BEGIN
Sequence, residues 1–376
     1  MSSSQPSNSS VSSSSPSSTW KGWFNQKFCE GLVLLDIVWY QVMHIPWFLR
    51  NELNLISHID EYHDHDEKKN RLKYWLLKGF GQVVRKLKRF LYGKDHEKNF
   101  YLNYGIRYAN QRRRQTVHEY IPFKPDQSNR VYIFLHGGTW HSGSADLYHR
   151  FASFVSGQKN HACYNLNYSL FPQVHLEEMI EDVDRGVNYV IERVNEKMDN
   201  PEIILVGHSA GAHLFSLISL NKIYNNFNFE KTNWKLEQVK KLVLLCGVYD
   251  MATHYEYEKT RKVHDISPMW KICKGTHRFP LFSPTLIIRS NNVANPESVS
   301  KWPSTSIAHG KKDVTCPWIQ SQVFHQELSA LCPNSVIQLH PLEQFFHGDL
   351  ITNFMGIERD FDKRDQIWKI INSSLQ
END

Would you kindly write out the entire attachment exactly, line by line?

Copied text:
Sequence, residues 1–376
     1  MSSSQPSNSS VSSSSPSSTW KGWFNQKFCE GLVLLDIVWY QVMHIPWFLR
    51  NELNLISHID EYHDHDEKKN RLKYWLLKGF GQVVRKLKRF LYGKDHEKNF
   101  YLNYGIRYAN QRRRQTVHEY IPFKPDQSNR VYIFLHGGTW HSGSADLYHR
   151  FASFVSGQKN HACYNLNYSL FPQVHLEEMI EDVDRGVNYV IERVNEKMDN
   201  PEIILVGHSA GAHLFSLISL NKIYNNFNFE KTNWKLEQVK KLVLLCGVYD
   251  MATHYEYEKT RKVHDISPMW KICKGTHRFP LFSPTLIIRS NNVANPESVS
   301  KWPSTSIAHG KKDVTCPWIQ SQVFHQELSA LCPNSVIQLH PLEQFFHGDL
   351  ITNFMGIERD FDKRDQIWKI INSSLQ